One of the most important aspects of the supernatural, to me, is the Destroyer aspect. For me, it explains why there is dissolution and death through a kind of reductio ad absurdum argument; if they didn't exist, life really would be meaningless, because with infinite resources to sustain infinite life there'd be no cause for evolution or any other meaningful change to happen. And we think the laws of physics are cruel now! In truth, I have learned to revere the destructive power of nature.

Science is very useful in understanding the superficial aspects of nature, but the subtext is out of its domain.

I'm not sure if you see the point, but that's my 2 copper pieces.
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"Leatherface, you BITCH! Ho Chi Minh, hah hah hah!"

Formerly known as "Epic Fail Guy" and "Döden" in recent months
Lyn
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« Reply #49 on: May 06, 2007, 11:39:18 pm »

The core of religion seems to be to give meaning to life, there is no meaning, life just is.  If we accept this then we lose a lot of heart ache in trying to make sense of harsh things and can get on with improving our lives and those of those round us.  Part of this is our vanity in trying to give us a special place in the universe, where we are part of a greater purpose, again this is just vanity.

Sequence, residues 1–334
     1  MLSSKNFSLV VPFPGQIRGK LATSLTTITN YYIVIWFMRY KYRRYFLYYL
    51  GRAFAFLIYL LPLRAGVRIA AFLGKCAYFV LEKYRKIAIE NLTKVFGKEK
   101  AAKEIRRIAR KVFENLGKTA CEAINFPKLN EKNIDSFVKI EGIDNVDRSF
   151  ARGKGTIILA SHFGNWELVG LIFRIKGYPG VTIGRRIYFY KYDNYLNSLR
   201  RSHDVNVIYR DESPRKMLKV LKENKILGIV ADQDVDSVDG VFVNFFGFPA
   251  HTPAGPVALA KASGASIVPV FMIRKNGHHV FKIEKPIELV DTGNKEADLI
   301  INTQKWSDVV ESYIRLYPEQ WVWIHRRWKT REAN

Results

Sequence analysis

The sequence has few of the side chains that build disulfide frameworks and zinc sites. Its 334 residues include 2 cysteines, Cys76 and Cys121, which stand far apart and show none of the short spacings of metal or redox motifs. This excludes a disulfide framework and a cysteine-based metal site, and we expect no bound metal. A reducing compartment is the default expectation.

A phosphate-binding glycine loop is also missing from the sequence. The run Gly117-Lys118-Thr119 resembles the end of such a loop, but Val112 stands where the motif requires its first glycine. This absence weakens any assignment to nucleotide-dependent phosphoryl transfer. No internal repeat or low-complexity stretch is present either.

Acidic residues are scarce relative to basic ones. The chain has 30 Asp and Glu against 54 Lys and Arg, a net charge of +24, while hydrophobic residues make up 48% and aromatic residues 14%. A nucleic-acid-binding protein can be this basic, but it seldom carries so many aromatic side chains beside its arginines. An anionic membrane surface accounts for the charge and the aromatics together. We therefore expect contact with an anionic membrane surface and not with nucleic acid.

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Triarius Fidelis
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« Reply #50 on: May 07, 2007, 05:17:12 am »

The core of religion seems to be to give meaning to life, there is no meaning, life just is.  If we accept this then we lose a lot of heart ache in trying to make sense of harsh things and can get on with improving our lives and those of those round us.  Part of this is our vanity in trying to give us a special place in the universe, where we are part of a greater purpose, again this is just vanity.

WADR, your statement assumes two things falsely

  • Religion is inherently contrary to humanism (e.g., Galatian doctrine)
  • Religion forces us to put ourselves at the center of the Universe

Neither of them are strictly true. That's why, e.g., Hindus do not really ascribe a human shape to God (in essence). Isaac Newton didn't either. It would be vain to do so, I agree, but it's not strictly necessary.
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"Leatherface, you BITCH! Ho Chi Minh, hah hah hah!"

Formerly known as "Epic Fail Guy" and "Döden" in recent months
rbistolfi
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« Reply #51 on: May 07, 2007, 07:08:18 am »

Quote
The core of religion seems to be to give meaning to life